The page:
All of this wasn’t easy for me to cope with. I started to have trouble sleeping and when I was finally asleep I was having nightmares after nightmares. Plus, it seemed like my batteries didn’t want to load up anymore! More than ever in my life, I felt like I needed social contact apart from my family. What a weird thing for an introvert to say!

And then, I started to think about what I could do to help my family and me to get out of this negative state of mind. So we would eventually find joy again in something we all used to love so much: staying at home and avoid social contact and do all the things we love doing like watching tv shows and play videogames! 😉

I came up with a master plan of several different things I needed to try out and adjust just to see if it would better my own mental state which was severely affected by what was going around in the world right now. My number one priority? Stop the negative flow in my brain and in the whole house. After trying out several thing, the one thing that was the most effective was the following: Turning of the news!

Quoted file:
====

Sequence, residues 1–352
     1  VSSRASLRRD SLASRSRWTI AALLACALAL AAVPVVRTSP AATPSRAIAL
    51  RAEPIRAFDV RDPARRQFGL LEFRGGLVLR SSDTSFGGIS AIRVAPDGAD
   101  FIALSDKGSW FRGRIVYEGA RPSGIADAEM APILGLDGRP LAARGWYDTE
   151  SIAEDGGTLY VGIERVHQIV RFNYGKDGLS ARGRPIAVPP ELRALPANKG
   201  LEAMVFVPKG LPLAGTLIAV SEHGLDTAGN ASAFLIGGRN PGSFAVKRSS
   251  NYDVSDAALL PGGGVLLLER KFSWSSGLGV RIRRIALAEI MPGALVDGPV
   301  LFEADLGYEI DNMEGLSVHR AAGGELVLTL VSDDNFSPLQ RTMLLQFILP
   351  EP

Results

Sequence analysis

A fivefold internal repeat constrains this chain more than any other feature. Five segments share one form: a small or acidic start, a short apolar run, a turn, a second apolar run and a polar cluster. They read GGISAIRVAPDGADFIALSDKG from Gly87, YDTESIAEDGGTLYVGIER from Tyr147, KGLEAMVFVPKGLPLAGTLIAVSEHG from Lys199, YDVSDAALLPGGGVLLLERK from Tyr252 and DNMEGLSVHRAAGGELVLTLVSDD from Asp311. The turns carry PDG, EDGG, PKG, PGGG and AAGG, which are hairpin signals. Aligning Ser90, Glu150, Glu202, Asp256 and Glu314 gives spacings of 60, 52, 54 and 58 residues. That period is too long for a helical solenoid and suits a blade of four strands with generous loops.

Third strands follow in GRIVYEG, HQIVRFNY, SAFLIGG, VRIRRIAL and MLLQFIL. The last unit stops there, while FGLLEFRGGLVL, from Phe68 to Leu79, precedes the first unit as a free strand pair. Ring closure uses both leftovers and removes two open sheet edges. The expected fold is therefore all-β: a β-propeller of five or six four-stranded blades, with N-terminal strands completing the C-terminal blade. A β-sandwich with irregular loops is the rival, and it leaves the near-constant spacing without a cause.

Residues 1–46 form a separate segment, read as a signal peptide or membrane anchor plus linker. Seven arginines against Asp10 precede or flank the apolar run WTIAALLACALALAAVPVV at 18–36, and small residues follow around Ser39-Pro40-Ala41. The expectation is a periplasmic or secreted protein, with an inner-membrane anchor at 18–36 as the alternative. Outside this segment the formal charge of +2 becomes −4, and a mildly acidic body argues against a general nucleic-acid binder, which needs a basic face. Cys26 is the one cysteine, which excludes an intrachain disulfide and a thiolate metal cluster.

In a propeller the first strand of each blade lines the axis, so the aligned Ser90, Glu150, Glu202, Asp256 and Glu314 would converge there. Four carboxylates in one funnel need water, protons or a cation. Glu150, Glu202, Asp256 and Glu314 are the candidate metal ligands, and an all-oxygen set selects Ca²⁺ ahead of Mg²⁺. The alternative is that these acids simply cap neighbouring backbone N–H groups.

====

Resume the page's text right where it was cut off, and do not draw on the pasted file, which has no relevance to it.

Nothing, not even meditation or drinking vitamin juices wanted to be as effective as turning off the news. This included not checking any news articles about the virus spread on my phone, avoiding watching tv news about it as well and stop talking about the fears that might be connected to it. Thinking about this measure, I totally understood why it helped so much! All the negativity from the news literally worked like poison for my introverted mind! The second I stopped watching the news, reading every news article about the coronavirus online, and also tried to stop talking about it as well, worked wonders!